Why can you see faint stars better if you don't look directly at them? © Getty Images

Why can you see faint stars better if you don’t look directly at them?

Rod cells in your eye work better than cone cells in the dark, making them perfect for star gazing.

Asked by: Leah Victoria Smith, Hereford

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Astronomers call the technique ‘averted vision’, and it exploits the fact that our eyes contain two types of light-detecting cells. Around the centre of the retina are so-called cone cells, which give us colour vision and need good light levels.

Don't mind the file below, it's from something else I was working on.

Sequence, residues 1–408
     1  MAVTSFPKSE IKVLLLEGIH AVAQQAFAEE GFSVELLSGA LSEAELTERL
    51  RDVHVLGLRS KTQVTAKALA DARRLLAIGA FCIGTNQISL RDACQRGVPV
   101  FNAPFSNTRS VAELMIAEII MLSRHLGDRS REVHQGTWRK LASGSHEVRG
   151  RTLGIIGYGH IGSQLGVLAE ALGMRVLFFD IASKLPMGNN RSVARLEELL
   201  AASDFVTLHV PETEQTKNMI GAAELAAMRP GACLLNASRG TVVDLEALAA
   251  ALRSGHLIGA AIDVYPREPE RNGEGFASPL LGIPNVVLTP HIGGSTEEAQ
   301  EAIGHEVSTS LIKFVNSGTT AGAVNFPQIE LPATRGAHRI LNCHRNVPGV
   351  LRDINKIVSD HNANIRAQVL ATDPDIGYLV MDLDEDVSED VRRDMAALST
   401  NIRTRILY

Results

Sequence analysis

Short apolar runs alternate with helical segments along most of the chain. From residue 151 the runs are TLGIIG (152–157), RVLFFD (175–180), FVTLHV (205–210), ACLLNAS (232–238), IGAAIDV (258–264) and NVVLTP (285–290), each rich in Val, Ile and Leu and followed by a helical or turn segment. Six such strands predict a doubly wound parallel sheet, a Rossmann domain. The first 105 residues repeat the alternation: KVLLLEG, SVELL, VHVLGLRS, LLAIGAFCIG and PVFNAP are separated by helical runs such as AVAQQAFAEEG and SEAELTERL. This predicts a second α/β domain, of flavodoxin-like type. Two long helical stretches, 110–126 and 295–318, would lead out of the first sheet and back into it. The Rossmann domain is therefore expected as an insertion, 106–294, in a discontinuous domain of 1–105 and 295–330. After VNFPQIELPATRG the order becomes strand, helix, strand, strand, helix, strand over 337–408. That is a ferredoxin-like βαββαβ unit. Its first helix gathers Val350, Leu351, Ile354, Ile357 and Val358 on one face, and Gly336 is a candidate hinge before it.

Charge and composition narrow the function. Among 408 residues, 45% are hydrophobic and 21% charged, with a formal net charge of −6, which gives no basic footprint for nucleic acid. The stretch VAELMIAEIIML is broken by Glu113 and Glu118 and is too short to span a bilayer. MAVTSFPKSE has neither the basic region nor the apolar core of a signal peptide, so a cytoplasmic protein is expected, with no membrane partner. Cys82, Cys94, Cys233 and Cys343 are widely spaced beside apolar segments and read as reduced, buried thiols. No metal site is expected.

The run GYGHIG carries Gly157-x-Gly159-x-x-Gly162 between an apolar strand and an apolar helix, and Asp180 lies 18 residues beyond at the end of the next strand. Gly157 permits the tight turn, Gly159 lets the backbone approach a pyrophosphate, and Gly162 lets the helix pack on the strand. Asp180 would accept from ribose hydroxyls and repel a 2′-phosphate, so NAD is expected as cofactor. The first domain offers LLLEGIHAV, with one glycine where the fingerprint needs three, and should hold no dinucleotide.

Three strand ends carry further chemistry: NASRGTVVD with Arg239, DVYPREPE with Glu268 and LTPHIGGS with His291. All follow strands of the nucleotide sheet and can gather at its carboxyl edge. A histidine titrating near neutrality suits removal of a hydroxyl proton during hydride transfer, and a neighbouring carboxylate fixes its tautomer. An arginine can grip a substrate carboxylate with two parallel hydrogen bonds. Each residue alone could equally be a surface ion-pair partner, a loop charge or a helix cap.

Away from the centre are rod cells, which are responsible for black-and-white vision, and work better than the cone cells at low light levels. Looking off to one side allows more light from faint objects to strike the rod cells, and become visible to us.


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